Ok, so a couple of uncles do get a little over drunk, some of the cousins do get a little rowdy, the grandparents can be a little inappreciably blunt, and the fruit salad, well, it’s turned a shade of green from sitting on the counter for a good week – but at the end of the day, my family get-together is quite tame compared to the dysfunctional bunch in “Eulogy”.
The family patriarch has just passed and the surviving members of the family are reluctantly reunited at Grandma’s house to mourn his passing, prepare his funeral and ultimately, scribble down a eulogy. Unfortunately there’s not a lot of good that can be said about Grandpa (Rip Torn).
Not that his children, now all grown with kids of their own, are angels either. One’s (Ray Romano) a vulgar, rather sour-faced father of two despicable boys, one’s a struggling actor (Hank Azaria)whose biggest claim to fame was a single commercial , another (Kelly Preston) has just brought her lesbian fiancée (Famke Janssen) home to much amusement, and another is a repressed wife and mother (Debra Winger) who’d rather be anywhere but there.
And then there’s Katie (the lovely Zooey Deschanel), the granddaughter, who’s in charge of the eulogy and involuntarily, keeping tabs on her screw loose relatives.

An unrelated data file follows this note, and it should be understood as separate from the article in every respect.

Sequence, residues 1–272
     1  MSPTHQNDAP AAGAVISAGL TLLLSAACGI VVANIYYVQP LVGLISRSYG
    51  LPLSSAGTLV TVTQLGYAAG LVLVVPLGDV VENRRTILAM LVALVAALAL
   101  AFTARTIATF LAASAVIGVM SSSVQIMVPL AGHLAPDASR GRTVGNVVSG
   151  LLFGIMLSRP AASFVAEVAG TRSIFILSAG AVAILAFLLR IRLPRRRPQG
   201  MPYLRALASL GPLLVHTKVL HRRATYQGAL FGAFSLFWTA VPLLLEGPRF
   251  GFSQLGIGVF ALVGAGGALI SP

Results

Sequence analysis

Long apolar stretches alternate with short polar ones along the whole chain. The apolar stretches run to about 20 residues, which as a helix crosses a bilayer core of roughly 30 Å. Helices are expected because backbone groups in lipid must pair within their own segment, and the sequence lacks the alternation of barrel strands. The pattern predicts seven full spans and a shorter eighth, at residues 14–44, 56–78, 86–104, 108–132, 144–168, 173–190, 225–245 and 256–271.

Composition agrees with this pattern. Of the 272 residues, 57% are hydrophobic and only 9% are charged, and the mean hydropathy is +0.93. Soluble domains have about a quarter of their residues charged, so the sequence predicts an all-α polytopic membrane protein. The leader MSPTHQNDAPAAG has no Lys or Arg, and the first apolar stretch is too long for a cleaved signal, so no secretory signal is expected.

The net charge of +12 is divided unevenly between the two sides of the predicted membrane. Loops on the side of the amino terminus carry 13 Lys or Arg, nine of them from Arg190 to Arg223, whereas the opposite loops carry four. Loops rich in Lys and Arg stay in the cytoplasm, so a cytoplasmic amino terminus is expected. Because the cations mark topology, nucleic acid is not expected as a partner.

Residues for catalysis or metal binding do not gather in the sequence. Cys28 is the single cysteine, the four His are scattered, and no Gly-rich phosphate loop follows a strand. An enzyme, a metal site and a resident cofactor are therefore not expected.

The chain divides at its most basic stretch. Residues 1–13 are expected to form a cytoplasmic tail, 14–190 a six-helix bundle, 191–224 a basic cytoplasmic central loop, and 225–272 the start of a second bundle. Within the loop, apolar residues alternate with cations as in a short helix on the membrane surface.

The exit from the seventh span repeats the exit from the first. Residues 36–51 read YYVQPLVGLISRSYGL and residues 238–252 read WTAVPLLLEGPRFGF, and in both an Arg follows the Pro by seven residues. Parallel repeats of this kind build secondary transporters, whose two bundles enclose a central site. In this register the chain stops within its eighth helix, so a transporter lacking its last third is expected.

Like your own get-together, not a lot happens in the film either. They bicker, they fight, they sit around the table for a meal and they might catch up with old friends. And don’t go thinking the ‘Eulogy’ element of the film – or even the death of the Patriarch character – means the film’s got a soft, sensitive side just waiting to come out – it doesn’t. If anything, this is a black comedy and then some.
Like similar films, for instance “Greedy” or “Home for the Holidays”, it’s more about watching an ensemble cast try to one-up one another’s performance than anything else – and for what it is, it works. Everything’s quite stellar in their parts, Zooey Deschanel is just delightful, she’s definitely one to watch, Romano does a total 180 from his TV counterpart ‘Raymond’ and it’s really refreshing to watch, and Azaria is his usual scene-stealing self.
For something witty, funny, and ultimately well-performed you can’t go pass it – just don’t go into “Eulogy” expecting to be tainted with a lovely tale of family or the importance of kinship. It’s about as present as the dialogue is subtle.
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